No chips on their shoulders

Clint Day is one of those students who hopes to walk out of Richland College (Texas) with an associate degree and straight into a full-time job.

He has one foot pointed in that direction, and it only took him 18 years to get there.

“I was a professional student,” said Day, who has done stints at several colleges. At 36, he is pursuing an associate degree in the Dallas County Community College District’s electrical engineering technology (EET) program.

“Things look promising, and I really like what I’m doing,” Day said.  “Electrical engineering technology is practical. You’re applying electronics and mechanical principals plus math and science. You’re doing a lot of hands-on work.”

He enrolled in the program because he liked the on-the-job training made possible by Richland and its corporate partner, Texas Instruments (TI) Incorporated. Students go through a rigorous and competitive interview process to qualify for the internship program. Students work and train in one of TI’s manufacturing facilities, where they learn to ensure that equipment such as thermostats are working properly.

Creating a new pathway

In 2015, TI partnered with DCCCD to drum up interest after the district considered discontinuing the program because too few students were enrolled, said Kory Goldammer, who heads EET at Richland.

That changed when DCCCD Chancellor Joe May and other district and college officials met with TI to create a new and improved program. To meet the interests and demands of the workforce, a new name was born: “Electrical Engineering Technology – Semiconductor Manufacturing Pathway.” In two years, students can be trained to enter a competitive job market in commercial, industrial or electronic technicians.

“EETs typically have a solid background in troubleshooting skills,” Goldammer said. “This field attracts students with sound science and mathematics skills.”

The semiconductor program changed from a technician’s role in which students learned to make semiconductor chips to electrical engineering technology. That happened because the industry needs workers who know how to maintain and repair automated equipment used to manufacture the chips, Goldammer said.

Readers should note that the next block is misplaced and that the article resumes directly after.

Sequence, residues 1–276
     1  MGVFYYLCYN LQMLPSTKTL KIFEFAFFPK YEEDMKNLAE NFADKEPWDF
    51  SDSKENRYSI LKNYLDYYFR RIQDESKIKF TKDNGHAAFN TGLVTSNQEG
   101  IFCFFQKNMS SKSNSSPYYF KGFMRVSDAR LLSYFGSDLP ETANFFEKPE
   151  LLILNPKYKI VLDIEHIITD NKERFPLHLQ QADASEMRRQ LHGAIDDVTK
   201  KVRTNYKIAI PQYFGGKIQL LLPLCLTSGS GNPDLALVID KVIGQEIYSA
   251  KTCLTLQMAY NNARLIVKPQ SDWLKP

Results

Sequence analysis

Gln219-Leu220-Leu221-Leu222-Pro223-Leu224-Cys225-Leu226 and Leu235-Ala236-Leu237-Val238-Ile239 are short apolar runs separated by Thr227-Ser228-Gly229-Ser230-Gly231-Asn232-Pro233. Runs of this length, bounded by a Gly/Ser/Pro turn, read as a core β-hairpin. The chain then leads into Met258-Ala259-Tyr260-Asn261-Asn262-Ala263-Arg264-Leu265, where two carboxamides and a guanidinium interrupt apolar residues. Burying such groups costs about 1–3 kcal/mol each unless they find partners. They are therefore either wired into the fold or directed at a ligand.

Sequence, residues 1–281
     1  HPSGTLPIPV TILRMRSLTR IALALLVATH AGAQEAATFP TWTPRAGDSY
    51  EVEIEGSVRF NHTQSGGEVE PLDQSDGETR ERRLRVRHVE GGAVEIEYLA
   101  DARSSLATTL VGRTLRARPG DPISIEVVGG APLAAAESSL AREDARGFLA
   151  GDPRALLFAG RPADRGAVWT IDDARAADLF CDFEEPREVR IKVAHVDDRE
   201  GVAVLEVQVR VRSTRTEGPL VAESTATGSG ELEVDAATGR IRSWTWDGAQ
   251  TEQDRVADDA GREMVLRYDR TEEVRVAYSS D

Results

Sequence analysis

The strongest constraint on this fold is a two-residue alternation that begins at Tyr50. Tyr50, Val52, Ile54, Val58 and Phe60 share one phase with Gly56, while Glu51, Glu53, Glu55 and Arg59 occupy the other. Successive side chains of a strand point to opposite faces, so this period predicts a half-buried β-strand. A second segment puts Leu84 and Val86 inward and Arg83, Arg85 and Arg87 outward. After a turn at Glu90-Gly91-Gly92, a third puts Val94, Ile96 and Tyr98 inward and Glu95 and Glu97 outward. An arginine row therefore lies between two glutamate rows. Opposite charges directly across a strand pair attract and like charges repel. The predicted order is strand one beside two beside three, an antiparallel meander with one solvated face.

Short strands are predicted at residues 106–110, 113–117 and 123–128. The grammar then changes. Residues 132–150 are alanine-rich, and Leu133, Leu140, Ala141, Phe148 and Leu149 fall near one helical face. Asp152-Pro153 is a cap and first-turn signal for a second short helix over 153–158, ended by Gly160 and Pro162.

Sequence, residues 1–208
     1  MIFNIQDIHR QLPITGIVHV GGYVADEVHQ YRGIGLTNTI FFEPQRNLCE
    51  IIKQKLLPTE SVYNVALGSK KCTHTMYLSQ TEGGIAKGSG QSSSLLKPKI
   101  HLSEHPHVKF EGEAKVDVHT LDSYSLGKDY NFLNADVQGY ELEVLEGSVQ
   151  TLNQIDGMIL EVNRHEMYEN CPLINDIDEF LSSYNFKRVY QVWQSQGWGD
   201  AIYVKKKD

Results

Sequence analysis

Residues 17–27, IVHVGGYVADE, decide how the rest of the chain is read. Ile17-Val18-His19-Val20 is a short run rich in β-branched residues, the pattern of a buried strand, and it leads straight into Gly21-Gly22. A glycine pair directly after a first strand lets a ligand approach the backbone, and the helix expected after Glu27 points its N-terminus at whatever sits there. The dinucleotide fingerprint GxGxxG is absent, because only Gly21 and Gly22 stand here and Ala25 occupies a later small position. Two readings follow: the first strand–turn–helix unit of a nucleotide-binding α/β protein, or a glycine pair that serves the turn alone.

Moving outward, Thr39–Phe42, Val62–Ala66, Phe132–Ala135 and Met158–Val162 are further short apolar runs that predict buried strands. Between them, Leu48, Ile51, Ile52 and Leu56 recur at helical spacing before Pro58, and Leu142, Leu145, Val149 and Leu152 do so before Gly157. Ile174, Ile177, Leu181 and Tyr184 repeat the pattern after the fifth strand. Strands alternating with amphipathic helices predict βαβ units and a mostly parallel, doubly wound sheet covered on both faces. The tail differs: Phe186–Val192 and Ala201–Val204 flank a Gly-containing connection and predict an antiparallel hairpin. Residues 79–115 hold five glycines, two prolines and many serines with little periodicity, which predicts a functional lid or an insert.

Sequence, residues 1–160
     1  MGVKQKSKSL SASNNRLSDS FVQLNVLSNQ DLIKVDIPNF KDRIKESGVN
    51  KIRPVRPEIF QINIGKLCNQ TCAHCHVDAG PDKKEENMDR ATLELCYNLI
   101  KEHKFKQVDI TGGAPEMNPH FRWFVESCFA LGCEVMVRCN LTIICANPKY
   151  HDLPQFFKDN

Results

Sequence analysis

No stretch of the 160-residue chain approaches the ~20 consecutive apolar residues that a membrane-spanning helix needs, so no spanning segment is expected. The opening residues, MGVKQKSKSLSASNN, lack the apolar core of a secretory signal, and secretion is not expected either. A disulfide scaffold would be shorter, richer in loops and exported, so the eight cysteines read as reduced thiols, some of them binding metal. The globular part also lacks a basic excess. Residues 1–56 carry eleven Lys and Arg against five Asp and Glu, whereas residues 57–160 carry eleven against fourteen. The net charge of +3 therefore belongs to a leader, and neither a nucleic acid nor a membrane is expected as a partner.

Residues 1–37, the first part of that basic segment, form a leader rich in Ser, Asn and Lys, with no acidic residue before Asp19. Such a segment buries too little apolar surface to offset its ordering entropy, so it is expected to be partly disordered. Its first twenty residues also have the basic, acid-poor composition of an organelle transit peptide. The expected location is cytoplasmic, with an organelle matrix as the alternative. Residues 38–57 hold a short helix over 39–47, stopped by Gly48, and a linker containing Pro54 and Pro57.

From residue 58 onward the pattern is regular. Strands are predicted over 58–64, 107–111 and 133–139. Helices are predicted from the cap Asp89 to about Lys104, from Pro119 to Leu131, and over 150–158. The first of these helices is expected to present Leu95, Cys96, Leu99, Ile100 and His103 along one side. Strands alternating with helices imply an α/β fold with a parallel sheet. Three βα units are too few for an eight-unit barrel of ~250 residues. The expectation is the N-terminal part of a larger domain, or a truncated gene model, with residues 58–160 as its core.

“There’s a little bit of history with this (field). It’s different from what it used to be,” he said. “As a result, semiconductor (manufacturing) changed. Previously, the program focused on teaching students to make semiconductor chips, but now machines do that. They need people to maintain and repair the equipment.”

Interest in that field of study is growing as students are prepared to enter the job market within two years for careers as technicians.  So far, 31 Richland College students have filed degree plans in EET, Goldammer said.

Getting hands-on experience

This past summer, Day completed a three-month TI internship which helps students graduate with the competencies that can make them employable.  Day’s work was impressive, and his internship was extended to December.

Clint Day is suited up for his internship at Texas Instruments. (Photo: DCCCD)

“He is one of our success stories,” Goldammer said. “The degree plan has been in place for only four semesters, which means that this is the first semester we should expect EET students to begin receiving their degrees in any significant numbers.”

So far, 10 Richland students have been hired by TI.

Day hopes to follow in those footsteps. He is doing his dream job, repairing and maintaining machines. And he won the “TI Intern Challenge” academic honor over fellow DCCCD students, as well as others from the Massachusetts Institute of Technology and Georgia Institute of Technology.

“It was fun competing with the four-year schools. For me, it was a pride thing. And it made a good impression on my boss because I was the only person from a community college who was competing. I was a sleeper,” Day said.

“It’s been a long road of life lessons,” added Day, who has worked as a bartender and restaurant manager. He’s also a former culinary arts student at El Centro College.

“It’s taken me 18 years to get a good career going,” he said. “I was searching, and I didn’t know what I wanted. But I always had EET in the back of my head. Right now, I’m doing well. I feel like I’ve taken off.”

A different route

Blake Glover is another a success story. His internship also was extended at TI while he pursues his EET degree at Richland.

Glover said he was drawn to the program after working several management jobs. He was taking an extended break from college.

“I used to drive by Texas Instruments and look at it and say ‘How do you get a job there?’” he said.

Glover started the program 10 years ago. He was happy where he was, but took one class at a time.

“Then I had a daughter. I decided to go back (to school), so I went back full time. I got this internship, and then it was extended,” said Glover, who also is angling for a full-time job at TI.

EETs typically work in manufacturing settings, engineering services, research and development laboratories, or the utilities industries. The median income for the position is $62,190 per year, according to the Bureau of Labor Statistics.

Eastfield and Mountain View colleges have other versions of the program.

“Everything we use is automated,” said Arch Dye, who teaches electronics technology at Eastfield.

About the Author

Debra Dennis
is a news writer for the Dallas County Community College District in Texas.